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Why the $765 Million Concussion Settlement is Good for the NFL

On Aug. 29 just before the 2013 NFL regular season kicked off, the league reached a $765 million settlement with 4,500 former players seeking compensation from on the field concussion-related brain injuries. This came after a mediator spent months holding talks.

For the most part it’s been positively received.

From the $765 million sum, $675 million will pay former league players and the families of deceased ones who incurred cognitive injuries as well as ones who lost players to suicide after battling chronic traumatic encephalopathy (CTE). Additional monies will include medical exams ($75 million), research and education ($10 million) while players’ awards have been capped based on the ailment: Alzheimer’s disease ($5 million), deaths caused by chronic traumatic brain damage ($4 million) and dementia ($3 million).

The payments will take place over the next 20 years but half must be paid within the next three years; the remainder will come over the course of 17 years. According to ESPN, the compensation program has been created to stick around for a 60-year time span which will enable a retired player who could develop a neurological ailment some time later, will then be eligible to ask for compensation.

Many thought the $765 million wasn’t high enough given the deep pockets of the NFL but this sum comes with numerous supporters as it takes care of past, present and future players. A first supporter is NFL Commissioner Roger Goodell.

He said last week of the settlement via ESPN, “We were able to find a common ground to be able to get the relief to the players and their families now rather than spending years litigating when those benefits wouldn’t go to the players. So we’re very supportive of it and we think it’s the right thing to move forward and to try to do what we can to help our players and their families.”

While it will take months to actually distribute the money, it will encompass payments to all of the retired players who are suffering from neurological problems, not just the plaintiffs who filed the case. The league will also pay the plaintiffs’ attorneys’ fees–a number that could hit a few ten million dollars.

These attorneys had been anxious to settle as many of their clients are battling neurological problems that require immediate help. Had the two sides not reached a deal, the litigation could have dragged on for years and these players could have been excluded from the financial benefits. There was also the possibility that courts would have not ruled for the players and a worse case scenario could have included no financial assistance.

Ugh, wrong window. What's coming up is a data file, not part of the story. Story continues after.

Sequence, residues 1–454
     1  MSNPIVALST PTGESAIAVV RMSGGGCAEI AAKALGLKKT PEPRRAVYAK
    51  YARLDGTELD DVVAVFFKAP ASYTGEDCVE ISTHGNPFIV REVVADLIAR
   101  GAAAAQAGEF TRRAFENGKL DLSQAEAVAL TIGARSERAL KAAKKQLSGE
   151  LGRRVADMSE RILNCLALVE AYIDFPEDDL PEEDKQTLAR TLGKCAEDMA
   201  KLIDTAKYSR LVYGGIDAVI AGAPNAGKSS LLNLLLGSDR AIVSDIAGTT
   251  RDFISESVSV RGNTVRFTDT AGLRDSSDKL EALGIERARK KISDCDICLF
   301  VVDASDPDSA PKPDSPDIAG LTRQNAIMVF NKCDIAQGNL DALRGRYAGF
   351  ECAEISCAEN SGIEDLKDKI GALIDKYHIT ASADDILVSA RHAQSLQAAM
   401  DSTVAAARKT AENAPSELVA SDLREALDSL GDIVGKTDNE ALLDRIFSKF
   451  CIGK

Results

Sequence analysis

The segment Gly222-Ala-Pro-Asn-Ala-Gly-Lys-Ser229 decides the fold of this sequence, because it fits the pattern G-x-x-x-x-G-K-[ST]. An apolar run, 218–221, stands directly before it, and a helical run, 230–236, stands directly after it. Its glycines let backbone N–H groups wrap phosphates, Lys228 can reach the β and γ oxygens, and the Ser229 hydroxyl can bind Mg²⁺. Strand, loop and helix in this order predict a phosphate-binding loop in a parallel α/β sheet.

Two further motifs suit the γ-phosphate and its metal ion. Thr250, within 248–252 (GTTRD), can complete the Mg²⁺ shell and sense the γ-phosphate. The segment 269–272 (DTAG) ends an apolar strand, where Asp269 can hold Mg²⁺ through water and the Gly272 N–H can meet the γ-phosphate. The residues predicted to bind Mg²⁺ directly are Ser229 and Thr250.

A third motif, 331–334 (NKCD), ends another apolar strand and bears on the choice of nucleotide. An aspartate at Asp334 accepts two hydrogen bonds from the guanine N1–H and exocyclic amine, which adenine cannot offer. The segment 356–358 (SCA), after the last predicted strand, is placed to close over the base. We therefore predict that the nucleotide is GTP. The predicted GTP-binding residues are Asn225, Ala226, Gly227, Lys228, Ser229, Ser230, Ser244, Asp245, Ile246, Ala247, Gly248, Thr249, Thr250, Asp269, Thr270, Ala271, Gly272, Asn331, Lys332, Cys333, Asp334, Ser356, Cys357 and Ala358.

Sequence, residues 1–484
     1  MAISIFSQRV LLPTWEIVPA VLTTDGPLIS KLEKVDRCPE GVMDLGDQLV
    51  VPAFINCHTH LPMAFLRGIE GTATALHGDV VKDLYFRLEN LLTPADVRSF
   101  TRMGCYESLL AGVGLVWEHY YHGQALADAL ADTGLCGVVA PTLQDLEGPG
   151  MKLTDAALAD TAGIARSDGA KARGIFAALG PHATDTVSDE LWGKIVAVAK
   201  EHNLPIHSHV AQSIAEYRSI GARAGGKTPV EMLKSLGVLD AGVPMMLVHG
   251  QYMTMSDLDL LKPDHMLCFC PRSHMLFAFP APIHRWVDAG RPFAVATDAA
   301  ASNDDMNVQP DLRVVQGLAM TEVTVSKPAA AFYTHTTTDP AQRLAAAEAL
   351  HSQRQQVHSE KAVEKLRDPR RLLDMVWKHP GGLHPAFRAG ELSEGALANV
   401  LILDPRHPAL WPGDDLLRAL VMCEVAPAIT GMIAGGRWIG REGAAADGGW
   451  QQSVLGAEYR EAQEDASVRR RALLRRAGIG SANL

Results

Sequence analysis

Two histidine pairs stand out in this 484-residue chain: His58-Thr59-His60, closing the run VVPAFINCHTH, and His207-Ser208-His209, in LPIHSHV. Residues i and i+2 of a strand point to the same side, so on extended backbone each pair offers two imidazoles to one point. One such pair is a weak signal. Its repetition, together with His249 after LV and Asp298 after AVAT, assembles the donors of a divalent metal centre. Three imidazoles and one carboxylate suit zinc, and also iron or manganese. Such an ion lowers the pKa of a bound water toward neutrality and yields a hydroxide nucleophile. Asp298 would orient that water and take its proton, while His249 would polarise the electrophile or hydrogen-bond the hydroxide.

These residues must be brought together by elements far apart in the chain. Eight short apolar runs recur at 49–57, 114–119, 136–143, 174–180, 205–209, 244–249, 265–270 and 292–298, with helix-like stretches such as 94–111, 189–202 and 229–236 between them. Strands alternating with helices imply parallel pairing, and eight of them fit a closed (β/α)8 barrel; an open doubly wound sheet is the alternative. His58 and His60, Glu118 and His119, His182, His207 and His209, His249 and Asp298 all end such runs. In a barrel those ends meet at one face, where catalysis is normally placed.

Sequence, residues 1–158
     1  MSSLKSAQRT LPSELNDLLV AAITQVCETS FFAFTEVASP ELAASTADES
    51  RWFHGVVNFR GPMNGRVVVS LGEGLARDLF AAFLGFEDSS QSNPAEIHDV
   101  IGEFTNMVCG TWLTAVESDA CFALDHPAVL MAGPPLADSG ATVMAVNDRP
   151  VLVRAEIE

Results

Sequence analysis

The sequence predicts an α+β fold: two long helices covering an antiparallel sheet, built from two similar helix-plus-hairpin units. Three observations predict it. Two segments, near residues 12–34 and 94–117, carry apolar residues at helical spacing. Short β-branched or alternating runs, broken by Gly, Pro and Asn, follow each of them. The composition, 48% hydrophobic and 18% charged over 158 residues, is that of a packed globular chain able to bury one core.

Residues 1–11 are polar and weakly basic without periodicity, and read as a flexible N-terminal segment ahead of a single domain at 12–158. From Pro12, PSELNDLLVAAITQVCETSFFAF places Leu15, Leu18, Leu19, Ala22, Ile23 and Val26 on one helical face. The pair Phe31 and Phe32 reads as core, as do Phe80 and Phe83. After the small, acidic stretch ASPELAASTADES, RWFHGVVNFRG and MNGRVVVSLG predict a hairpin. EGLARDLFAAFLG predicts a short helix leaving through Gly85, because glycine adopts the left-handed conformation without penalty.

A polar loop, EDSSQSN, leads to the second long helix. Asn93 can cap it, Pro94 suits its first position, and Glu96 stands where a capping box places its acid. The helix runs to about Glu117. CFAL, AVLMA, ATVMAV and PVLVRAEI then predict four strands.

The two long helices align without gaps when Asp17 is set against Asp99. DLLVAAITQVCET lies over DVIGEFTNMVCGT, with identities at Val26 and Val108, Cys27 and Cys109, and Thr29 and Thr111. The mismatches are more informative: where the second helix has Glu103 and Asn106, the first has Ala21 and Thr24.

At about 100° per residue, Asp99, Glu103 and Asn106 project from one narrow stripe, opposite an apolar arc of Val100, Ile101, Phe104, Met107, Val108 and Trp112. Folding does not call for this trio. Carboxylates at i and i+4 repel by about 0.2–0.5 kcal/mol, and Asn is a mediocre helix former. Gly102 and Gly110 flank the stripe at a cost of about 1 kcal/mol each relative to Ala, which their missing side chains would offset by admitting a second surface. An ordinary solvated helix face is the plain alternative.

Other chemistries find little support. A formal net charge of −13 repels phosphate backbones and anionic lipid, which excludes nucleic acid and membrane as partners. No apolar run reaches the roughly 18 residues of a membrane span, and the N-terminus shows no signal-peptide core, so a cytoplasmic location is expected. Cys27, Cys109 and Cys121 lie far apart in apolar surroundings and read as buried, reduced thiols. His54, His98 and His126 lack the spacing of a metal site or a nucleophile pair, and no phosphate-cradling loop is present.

But that is the not the case and Christopher Seeger, a lawyer for the plaintiffs said via The New York Times, “The big picture was we got immediate care to the retired players, and I think we accomplished that.”

One such player is former Philadelphia Eagles and New England Patriots fullback Kevin Turner, 44, who has as been suffering from A.L.S. for the last four years. He spends $8,500 per month on medical expenses and said via the New York Times, “I thought five years would be great and maybe I could live to see that. There will always be people who said there should have been more, but they are probably not the ones with A.L.S. and at home.”

He added this settlement will also raise awareness.

In addition, Seeger further explained that the players will not need to prove health issues came from head injuries during their league days, instead compensation is determined by a player’s age and the number of years in the NFL. It neither includes a player’s position nor the amount of sustained concussions.

Another positive from the settlement is the effect on current and future NFL players. Now a player cannot use his head as a weapon. CBS’ James Brown explained, “A running back who has a ball and he sees he’s about to be tackled cannot lower his head and use the crown of his helmet as a spear to go into another player’s sternum. These rules will be enforced vigorously and have substantial penalties associated with it as well.”

Many will think the sum could have been higher but with the potential for years of litigation, it could have had an adverse effect on the NFL, potentially taking a huge hit. Now the next challenge may be seeing the league’s current players enduring less brain traumas.

Debbie Baratz

Deb has been writing about the NFL and NCAA football for the last few years. She is a full-time writer and an avid sports fan. Follow her on twitter @ldbar.

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